When Yuba Community College’s Woodland campus first opened, many district trustees believed that it would one day be capable of becoming a separately accredited college within the district.
Dr. Angela Fairchilds, President of Woodland Community College, explained that although there had been a framework for the transition from a Yuba College extension campus to its own college, it was not until the Woodland campus changed its name to “Woodland Community College” that the foundation for change was built.
The name change later became a symbol for re-starting the planning for the transition. Dr. Fairchilds stated that the name of the campus “was changed prematurely because you can’t just arbitrarily change your name.” But she added, “The administration at the time was allowed to keep the name because it started the planning process.”
Although the transition is not expected to be final until Fall 2007, changes on campus have already begun. Beginning January 1, the Yuba Community College District adopted a new organizational structure, shifting Dr. Fairchilds from her previous position as the Executive Dean of Woodland Community College to its President.
Other changes have included the addition of two new deans to the administration, and a new Learning Resource Center.
Faculty and staff are already busy, working on an analysis of the campus, identifying any strengths, weaknesses, and possible improvements to present to the Western Association of Schools and Colleges Board of Directors meeting in June 2007, when it is hoped that the Woodland campus will be accredited as its own college.
Funding for the campus has changed as well. The Learning Resource Center was the last building to be nearly fully funded by the State Chancellor’s office.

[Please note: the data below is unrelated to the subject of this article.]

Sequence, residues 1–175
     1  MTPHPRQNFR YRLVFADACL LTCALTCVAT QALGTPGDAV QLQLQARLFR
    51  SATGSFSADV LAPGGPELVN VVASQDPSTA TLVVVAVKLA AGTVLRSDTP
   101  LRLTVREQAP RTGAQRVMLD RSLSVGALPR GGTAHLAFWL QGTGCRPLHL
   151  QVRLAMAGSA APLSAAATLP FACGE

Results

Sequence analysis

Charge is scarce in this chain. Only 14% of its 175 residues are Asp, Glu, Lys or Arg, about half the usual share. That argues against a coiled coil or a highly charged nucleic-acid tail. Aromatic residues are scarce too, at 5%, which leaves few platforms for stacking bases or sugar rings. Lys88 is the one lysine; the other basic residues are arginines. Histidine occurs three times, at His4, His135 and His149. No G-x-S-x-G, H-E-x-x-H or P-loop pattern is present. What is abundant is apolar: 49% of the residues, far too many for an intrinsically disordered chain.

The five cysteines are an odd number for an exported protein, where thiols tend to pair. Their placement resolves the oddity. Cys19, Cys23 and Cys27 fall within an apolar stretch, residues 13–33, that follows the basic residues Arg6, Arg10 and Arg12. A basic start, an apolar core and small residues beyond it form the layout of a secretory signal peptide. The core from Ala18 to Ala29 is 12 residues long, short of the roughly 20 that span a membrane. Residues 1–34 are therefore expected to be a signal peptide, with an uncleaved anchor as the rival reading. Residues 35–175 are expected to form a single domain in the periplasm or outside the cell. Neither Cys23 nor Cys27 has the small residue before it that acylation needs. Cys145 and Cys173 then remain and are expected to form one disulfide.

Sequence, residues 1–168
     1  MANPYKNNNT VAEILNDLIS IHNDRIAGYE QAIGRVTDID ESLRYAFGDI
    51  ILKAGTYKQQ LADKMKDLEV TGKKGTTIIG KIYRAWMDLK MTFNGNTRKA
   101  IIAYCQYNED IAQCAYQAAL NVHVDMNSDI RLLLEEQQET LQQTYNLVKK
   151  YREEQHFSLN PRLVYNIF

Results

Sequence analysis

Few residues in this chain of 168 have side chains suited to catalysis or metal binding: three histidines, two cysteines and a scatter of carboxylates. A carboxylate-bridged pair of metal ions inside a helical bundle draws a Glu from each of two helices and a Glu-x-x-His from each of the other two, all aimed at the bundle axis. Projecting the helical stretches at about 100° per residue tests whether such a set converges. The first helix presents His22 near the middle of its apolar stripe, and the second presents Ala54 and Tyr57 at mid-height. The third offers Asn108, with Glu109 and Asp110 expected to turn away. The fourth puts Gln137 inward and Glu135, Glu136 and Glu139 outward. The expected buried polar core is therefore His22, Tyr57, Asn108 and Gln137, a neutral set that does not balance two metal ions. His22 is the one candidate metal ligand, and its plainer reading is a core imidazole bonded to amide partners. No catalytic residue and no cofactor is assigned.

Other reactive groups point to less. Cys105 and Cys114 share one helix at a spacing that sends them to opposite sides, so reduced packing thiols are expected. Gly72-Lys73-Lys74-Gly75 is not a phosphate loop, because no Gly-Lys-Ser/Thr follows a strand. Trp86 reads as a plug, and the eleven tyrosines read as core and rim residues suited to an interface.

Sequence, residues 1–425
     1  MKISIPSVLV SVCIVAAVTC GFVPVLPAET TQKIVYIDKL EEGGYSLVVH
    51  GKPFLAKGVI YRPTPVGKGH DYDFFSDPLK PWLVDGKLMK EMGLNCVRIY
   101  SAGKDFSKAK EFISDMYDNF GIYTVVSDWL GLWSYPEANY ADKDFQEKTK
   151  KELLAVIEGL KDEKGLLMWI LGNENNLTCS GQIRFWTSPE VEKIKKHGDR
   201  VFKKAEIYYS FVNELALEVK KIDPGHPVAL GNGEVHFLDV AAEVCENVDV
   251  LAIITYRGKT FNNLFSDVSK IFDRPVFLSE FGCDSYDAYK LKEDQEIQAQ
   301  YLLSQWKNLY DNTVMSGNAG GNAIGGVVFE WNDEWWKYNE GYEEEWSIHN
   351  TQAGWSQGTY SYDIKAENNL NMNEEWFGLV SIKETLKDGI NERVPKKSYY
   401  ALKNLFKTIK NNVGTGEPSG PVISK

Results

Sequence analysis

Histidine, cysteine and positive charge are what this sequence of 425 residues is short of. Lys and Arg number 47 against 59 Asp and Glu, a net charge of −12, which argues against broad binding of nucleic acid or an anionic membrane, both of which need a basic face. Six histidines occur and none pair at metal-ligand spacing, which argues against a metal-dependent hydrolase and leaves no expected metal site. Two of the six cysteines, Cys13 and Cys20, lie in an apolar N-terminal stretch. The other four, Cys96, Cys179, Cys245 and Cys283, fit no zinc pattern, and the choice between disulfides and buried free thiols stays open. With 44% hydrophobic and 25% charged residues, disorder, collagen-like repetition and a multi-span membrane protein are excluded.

“Now the way they fund buildings across the state at community colleges,” Dr. Fairchilds pointed out, “is that there has to be some level of matching funds by the district.”
This change in funding may not appear to be drastic, but as Woodland moves away from the Yuba College, it will also say goodbye to the drawn-out competition over which college gets its projects funded. Every year colleges request funding for construction projects, the problem is that only one construction and one renovation project are allowed per year, per college.
Unfortunately, Woodland, Clear Lake, and Marysville’s campuses had to compete over which campus would be awarded the funding for their project, as they are all campuses of Yuba College.
The U.S Census Bureau reported in 2000 that the population of Woodland was 49,151. But with new housing developments planned for the surrounding areas, the city of Woodland is expecting a major growth in size and population. Woodland Community College has followed in the belief that this growth will also mean a larger future student body.
The administration wishes to build what Dr. Fairchilds calls, “a campus life.” With the Learning Resource Center under construction, it is hoped that new services and programs will follow, expanding student activities and programs to help keep students involved on campus.
“If we could only have one more thing right now,” Dr. Fairchilds said, “it has to be some kind of food service facility for our students. No matter what else we plan, that has to be in those discussions.”